California’s public school system contribute to STEM careers by offering science-centric activities through after-school programs.
Today’s students have more reasons than ever to care about engineering.
Kevin Jarrett isn’t your typical computer teacher. His students build walls from clay, sand and water. They design parachutes from coffee filters. And it’s perfectly fine if the things they build don’t work the first time.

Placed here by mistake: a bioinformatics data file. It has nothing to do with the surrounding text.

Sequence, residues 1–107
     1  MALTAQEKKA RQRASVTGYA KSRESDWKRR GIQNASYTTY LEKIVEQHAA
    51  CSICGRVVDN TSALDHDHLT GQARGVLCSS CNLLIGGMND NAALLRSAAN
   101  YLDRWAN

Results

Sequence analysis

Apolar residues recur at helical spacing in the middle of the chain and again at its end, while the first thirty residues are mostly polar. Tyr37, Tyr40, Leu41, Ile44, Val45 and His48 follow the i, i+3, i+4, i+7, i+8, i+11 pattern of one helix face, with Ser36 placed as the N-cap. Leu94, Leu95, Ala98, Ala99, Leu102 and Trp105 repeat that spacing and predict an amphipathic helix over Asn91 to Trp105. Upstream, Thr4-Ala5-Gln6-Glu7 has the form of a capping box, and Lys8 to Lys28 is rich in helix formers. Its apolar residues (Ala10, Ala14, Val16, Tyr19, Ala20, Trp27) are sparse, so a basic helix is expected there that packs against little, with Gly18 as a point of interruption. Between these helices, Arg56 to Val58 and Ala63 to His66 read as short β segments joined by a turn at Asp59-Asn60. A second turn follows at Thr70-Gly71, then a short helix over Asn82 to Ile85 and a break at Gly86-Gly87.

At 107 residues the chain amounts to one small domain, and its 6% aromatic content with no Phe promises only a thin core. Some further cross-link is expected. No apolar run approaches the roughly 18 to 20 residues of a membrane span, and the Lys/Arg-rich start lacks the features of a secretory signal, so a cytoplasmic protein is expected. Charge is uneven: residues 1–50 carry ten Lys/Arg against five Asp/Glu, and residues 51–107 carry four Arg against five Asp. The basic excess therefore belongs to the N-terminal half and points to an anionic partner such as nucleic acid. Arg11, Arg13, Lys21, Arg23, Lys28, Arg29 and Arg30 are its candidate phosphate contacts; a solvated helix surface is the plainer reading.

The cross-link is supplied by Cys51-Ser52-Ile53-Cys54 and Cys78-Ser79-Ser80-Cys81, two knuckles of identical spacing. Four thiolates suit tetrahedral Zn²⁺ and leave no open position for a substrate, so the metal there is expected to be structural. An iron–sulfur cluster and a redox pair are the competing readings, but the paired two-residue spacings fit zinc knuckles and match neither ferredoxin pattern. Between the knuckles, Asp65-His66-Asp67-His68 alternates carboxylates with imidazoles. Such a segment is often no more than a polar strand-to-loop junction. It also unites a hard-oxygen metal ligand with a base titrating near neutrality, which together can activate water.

Innovation drives the U.S. economy, and employees with science, technology, engineering and math (STEM) skills have become a hot commodity in post-recession America.
Teacher support is key to all of these efforts, which is why Raytheon is interested in rewarding educators who go the extra mile to get students excited.
Chief Technology Officer John Nogrady recommends continuing education throughout careers.
The idea of robotic teachers certainly might frighten parents, but UC Davis just got a big grant to create not a teacher replacement but more of a teacher assistant.